Book of Practical Cats, Harold Bloom, La Figlia che Piange, Murder in the Cathedral, poems, Poetry, T S Eliot, The Cocktail Party, The Four Quartets, The Love Song of J Alfred Prufrock, The Waste Land
The other great example of American poetic genius, and indeed the most important and influential English language poet of the 20th century, was T S Eliot. Bloom is not quite as enthusiastic about him as I am, but he grants that this is also a personal judgment relating to what he sees as Eliot’s anti-Semitism. I am not so sure that it is fair to dismiss Eliot as anti-Semitic, since he seems rather to have reflected the prevalent view in Western society about Jews, before their undoubted economc power provided invaluable assistance to the Allies in the First World War, and they became respectable.
To ascribe moral inadequacy to those who were contemptuous of the Jews before that is as silly as it would be to find reprehensible those who were contemptuous during colonial times of people whose colour was darker than their own. One can certainly find admirable those who resisted the common prejudices of their times, but Jews tend to be ultra-sensitive, and can afford to be, in a manner that is not open to those who do not exercise similar economic and political power.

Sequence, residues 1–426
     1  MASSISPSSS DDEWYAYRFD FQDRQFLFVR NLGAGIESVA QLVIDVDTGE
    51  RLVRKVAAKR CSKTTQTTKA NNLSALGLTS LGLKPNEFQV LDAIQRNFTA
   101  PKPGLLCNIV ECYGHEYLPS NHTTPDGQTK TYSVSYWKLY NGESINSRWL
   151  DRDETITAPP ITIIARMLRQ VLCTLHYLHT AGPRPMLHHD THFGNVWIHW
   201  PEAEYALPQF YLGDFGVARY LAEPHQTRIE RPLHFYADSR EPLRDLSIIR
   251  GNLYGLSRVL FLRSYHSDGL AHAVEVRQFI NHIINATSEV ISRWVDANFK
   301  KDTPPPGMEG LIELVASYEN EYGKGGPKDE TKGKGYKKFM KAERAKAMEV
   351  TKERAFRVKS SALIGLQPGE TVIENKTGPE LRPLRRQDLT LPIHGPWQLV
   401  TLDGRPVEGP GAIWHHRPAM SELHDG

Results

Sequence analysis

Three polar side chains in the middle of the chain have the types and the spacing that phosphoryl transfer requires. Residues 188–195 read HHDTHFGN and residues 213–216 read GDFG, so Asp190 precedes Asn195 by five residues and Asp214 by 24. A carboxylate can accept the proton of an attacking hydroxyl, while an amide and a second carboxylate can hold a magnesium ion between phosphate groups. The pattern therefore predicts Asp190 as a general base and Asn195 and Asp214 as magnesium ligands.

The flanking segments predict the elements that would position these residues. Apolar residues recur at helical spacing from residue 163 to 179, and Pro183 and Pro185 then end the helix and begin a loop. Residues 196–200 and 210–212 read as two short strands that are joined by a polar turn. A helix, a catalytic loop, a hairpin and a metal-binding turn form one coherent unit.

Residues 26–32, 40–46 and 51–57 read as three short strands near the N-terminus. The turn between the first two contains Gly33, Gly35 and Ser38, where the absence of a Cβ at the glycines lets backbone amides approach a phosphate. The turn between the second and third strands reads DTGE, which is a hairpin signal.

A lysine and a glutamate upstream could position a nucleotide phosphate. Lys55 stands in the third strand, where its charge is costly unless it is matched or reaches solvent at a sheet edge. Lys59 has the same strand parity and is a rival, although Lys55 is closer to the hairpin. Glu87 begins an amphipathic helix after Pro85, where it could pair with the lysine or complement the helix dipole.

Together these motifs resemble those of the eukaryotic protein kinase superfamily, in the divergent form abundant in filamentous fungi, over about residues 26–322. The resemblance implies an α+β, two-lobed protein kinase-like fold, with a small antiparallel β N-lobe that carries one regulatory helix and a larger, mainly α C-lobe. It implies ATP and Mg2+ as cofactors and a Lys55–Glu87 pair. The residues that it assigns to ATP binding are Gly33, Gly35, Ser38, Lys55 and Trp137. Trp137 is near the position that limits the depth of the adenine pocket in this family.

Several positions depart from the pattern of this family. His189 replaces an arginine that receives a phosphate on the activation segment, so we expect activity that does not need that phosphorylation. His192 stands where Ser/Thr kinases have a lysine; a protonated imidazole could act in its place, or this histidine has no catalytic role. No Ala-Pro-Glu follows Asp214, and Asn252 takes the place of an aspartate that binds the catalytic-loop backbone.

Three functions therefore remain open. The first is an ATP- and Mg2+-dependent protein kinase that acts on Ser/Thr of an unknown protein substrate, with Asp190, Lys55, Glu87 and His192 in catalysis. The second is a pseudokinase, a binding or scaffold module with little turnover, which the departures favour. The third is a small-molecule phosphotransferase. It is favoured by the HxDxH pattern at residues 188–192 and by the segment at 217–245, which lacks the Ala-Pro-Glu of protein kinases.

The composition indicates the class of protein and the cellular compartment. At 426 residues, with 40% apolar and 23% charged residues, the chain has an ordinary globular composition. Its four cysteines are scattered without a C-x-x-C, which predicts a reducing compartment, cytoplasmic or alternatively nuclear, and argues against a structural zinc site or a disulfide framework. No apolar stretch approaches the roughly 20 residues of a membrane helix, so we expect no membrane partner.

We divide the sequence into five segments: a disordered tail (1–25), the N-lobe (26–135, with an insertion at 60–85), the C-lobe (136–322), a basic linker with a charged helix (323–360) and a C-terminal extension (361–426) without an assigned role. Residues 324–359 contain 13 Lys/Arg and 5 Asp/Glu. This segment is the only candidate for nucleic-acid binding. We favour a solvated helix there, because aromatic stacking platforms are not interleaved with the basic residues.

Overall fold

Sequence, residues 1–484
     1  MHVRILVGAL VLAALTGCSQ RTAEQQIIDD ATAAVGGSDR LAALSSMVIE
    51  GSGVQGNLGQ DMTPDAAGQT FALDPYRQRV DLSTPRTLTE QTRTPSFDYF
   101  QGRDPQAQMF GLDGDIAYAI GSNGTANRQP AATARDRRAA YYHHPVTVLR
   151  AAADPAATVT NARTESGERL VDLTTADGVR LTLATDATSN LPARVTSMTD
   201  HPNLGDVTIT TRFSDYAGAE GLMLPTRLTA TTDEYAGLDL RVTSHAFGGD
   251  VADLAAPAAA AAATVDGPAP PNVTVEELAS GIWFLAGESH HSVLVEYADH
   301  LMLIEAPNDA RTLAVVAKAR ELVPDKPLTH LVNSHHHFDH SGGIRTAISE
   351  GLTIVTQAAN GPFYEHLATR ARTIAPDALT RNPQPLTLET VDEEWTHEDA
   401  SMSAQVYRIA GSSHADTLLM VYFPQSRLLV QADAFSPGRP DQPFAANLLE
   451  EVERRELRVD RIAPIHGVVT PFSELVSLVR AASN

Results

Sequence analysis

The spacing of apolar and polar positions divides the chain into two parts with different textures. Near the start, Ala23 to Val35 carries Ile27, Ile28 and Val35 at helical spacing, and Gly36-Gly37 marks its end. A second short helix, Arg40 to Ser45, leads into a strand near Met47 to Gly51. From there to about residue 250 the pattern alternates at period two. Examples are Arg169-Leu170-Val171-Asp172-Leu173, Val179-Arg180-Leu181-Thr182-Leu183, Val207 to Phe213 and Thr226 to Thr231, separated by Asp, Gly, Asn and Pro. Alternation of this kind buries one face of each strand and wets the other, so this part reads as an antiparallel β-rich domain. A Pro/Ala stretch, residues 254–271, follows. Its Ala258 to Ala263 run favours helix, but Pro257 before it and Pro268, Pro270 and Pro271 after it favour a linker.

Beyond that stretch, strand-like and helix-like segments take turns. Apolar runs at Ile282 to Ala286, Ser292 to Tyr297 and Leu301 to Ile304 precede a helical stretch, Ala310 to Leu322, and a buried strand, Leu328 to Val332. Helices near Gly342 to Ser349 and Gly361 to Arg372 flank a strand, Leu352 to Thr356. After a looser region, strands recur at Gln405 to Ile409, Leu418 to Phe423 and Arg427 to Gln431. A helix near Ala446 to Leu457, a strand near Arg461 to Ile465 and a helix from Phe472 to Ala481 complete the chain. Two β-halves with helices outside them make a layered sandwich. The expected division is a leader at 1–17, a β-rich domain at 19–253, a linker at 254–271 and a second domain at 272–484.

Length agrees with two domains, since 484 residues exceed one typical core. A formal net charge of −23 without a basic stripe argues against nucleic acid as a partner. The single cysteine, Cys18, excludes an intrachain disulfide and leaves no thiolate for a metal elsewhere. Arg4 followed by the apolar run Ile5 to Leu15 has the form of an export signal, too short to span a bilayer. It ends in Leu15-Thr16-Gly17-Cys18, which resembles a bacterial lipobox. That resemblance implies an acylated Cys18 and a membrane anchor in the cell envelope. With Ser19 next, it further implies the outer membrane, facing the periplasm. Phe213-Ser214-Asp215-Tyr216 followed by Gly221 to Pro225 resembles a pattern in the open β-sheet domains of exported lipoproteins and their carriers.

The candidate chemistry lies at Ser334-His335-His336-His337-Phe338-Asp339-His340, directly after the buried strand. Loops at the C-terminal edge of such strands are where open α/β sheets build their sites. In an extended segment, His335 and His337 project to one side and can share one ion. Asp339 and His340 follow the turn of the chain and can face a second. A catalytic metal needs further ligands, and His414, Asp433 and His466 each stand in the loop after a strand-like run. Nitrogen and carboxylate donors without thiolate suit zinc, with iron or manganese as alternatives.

Asian and African critics cannot then ascribe racism to great writers reflecting the common perspectives of their times, and assert that this takes away from their genius. Fortunately, despite Bloom’s moral fervor, he does grant Eliot’s genius, and provides useful insights into some of his poetry.